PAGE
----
Master summarized the arguments for metastasectomy, with advocates believing that metastasectomy can help palliate tumor-related symptoms, that metastasectomy can delay time to the utilization of systemic therapy (or avoidance of systemic therapy altogether), and that in a fraction of patients, a cure is possible. Those who question the efficacy of metastasectomy often argue that the retrospective data that associates metastasectomy and longer survival is explained by unmeasured enrichment, such as more favorable disease biology and good patient selection by the surgeon.
There have been several retrospective studies that have evaluated the overall safety of metastasectomy. One such study by Myer et. Al. evaluated 1102 patients who underwent metastasectomy for oligometastatic RCC and found that the overall complication rate for this procedure was 45%, with 28% being Clavien III/IV. Patients undergoing liver resection for metastatic RCC had the highest overall complication rate, with an OR of 2.59.
Dr. Master then reviewed the retrospective data of patients undergoing metastasectomy in the era of targeted therapy for RCC. One NCDB study from Sun and colleagues reviewed 7000 patients with oligometastatic RCC, 28% of whom underwent a metastasectomy. Those who underwent a metastasectomy had an improved overall survival (HR 0.77, p = 0.008). He acknowledged that the role of metastasectomy in the era of immuno-oncology has yet to be recognized, as there a no mature data at this point.
He reviewed the predictors of improved overall survival in patients undergoing metastasectomy and cited a systematic review from Achkar and colleagues that showed that the strongest predictor of a survival benefit is a complete resection of the metastatic lesion. He also noted that while rare, RCC metastatic lesions to the pancreas and thyroid gland tend to be favorable sites of metastasis, with high 5-year overall survival rates.
He then discussed the interim results of the RESORT trial, which is an ongoing phase II randomized clinical trial that is evaluating the efficacy of metastasectomy with sorafenib versus metastasectomy with subsequent observation. The primary endpoint of the trial is recurrence-free survival (RFS). On interim analysis, it was found that there was a median RFS was 29 months in the sorafenib + metastasectomy arm, versus 35 months in the metastasectomy + observation arm. There were 22% of grade III adverse events in the sorafenib arm versus only 3% in the observation arm. The authors concluded at interim analysis that sorafenib is safe to use in this scenario but did not affect RFS in this patient population.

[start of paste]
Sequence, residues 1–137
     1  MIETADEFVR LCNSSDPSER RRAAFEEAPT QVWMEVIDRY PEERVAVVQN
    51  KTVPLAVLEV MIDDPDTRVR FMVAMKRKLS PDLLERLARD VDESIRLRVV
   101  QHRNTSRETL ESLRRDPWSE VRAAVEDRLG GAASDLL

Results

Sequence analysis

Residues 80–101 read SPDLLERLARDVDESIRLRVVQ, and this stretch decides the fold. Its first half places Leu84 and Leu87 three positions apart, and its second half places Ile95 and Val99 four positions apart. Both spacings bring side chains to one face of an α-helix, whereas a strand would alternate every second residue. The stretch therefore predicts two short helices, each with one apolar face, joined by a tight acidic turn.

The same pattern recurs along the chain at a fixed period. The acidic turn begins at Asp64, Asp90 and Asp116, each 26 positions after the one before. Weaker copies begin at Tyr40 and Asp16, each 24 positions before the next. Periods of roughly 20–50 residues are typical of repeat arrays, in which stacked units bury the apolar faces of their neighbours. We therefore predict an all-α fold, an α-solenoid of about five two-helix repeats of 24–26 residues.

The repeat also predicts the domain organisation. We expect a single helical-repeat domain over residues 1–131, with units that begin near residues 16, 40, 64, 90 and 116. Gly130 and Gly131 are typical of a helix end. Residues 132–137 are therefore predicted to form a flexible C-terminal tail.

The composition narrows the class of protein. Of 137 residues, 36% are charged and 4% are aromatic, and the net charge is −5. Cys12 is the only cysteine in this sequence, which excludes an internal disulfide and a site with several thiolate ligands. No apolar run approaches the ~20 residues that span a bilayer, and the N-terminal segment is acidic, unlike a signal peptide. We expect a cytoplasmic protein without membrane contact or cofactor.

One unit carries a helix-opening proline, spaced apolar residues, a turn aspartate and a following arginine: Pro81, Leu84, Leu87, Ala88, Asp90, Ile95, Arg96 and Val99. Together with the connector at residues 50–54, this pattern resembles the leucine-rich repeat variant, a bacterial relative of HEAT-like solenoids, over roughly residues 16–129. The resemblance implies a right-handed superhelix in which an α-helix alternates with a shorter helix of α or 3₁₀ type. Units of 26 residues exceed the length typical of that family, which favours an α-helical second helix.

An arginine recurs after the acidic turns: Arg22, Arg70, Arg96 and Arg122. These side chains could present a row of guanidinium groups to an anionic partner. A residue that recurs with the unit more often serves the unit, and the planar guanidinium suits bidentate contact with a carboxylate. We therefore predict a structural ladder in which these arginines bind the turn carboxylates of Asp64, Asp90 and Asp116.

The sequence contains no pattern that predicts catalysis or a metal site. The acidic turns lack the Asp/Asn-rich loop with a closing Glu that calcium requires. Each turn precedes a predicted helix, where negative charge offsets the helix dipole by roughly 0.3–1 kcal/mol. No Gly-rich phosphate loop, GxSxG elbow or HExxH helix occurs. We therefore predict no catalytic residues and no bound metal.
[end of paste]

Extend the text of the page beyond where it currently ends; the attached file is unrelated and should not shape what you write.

Dr. Master concluded the lecture by describing the patient he felt would be the ideal candidate to undergo metastasectomy. He felt that the ability to perform a complete resection of the metastatic lesion is one of the prognostic factors best supported in the current literature. Furthermore, patients with solitary or low-burden metastatic lesions are better served by surgical intervention. Finally, patients with an absence of nodal metastases and an absence of liver metastatic lesions tend to have a better prognosis post-metastasectomy. He feels that a large phase III randomized controlled clinical trial is necessary to better clarify the role of metastasectomy in patients with oligometastatic RCC.
Presented by: Viraj Master, MD, Ph.D., Emory University, Atlanta, Georgia
Written by: Brian Kadow, MD. Society of Urologic Oncology Fellow, Fox Chase Cancer Center, Philadelphia, Pennsylvania at the 19th Annual Meeting of the Society of Urologic Oncology (SUO), November 28-30, 2018 – Phoenix, Arizona